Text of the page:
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Skydiver Jumps Moments Before Plane Crashes

May 26, 1997| From Associated Press

MIAMI — A skydiver who felt her plane spinning out of control managed to leap to safety Sunday, moments before the craft spiraled and crashed in a sweet potato field, killing the pilot and five other people.

An investigator said the plane, which was built for four people but carrying seven, could have been overloaded with too much weight.

The woman jumped to safety just as the plane went into its fatal spin, her parachute canopy still opening as the Cessna went down.

Rick Dryer, a pilot who reached the scene of the crash minutes later, said that the surviving skydiver told him she felt the plane shaking just as she was about to jump.

The 43-year-old woman, identified by WTVJ-TV as Carol O'Connell, was preparing to jump from an altitude of 3,500 feet when the pilot began having trouble, police said. When the plane made a 360-degree spin, she told police she decided to jump without waiting for instructions.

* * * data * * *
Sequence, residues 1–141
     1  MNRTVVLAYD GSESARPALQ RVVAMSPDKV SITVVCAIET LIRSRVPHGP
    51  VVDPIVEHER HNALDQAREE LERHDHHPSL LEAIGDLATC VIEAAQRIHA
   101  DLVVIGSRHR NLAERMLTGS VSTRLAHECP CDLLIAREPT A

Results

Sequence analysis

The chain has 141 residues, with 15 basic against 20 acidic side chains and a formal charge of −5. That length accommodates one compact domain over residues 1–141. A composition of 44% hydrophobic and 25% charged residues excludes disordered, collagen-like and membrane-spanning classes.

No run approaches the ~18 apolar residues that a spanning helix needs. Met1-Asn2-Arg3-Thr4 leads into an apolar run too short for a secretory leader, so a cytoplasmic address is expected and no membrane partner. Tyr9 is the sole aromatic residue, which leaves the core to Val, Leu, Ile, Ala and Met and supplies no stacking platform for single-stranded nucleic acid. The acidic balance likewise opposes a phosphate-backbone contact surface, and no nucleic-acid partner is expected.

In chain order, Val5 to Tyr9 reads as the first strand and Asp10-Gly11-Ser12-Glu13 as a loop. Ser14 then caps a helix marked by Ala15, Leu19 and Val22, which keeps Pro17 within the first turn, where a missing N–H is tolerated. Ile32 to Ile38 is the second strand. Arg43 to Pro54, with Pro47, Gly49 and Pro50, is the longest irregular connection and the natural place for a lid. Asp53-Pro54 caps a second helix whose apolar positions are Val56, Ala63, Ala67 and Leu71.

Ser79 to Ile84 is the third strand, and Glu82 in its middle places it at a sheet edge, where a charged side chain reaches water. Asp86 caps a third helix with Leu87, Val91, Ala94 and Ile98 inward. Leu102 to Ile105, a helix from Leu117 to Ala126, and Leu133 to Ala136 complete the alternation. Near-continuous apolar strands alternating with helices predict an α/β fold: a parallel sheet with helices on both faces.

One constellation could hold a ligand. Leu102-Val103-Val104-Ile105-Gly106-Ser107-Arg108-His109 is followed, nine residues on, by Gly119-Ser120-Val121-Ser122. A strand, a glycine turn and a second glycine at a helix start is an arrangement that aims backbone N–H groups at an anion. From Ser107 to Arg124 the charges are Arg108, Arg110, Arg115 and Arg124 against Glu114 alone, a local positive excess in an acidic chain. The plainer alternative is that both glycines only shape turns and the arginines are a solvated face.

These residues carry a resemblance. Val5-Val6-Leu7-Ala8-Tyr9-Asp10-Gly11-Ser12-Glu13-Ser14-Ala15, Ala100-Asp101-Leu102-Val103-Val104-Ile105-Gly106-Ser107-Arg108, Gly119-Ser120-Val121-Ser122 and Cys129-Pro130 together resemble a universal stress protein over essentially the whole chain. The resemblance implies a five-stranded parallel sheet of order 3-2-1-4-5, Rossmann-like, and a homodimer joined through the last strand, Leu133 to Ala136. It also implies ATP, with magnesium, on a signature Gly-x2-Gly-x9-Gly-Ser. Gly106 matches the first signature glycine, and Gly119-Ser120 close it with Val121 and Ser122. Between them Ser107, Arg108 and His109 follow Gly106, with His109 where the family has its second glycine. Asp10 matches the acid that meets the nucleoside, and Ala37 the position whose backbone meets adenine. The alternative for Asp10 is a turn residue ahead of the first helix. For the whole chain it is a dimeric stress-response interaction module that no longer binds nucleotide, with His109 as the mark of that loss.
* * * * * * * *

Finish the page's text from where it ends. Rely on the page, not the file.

Jeffrey Kennedy, an investigator with the National Transportation Safety Board, said the agency will look into whether the plane was overloaded.

After reviewing the wreckage and a videotape of the crash, Kennedy said the plane may not have been going fast enough after making a turn.

"Aerodynamically, the airplane had gotten too slow and it lost lift with the wings--the wings did not have enough airflow over them," Kennedy said. "It's not a mechanical failure."

The Cessna 210 took off from Homestead General Airport and crashed about a mile away, its frame flattened and engulfed by flames in a field in a rural farming district between Miami and the Everglades.

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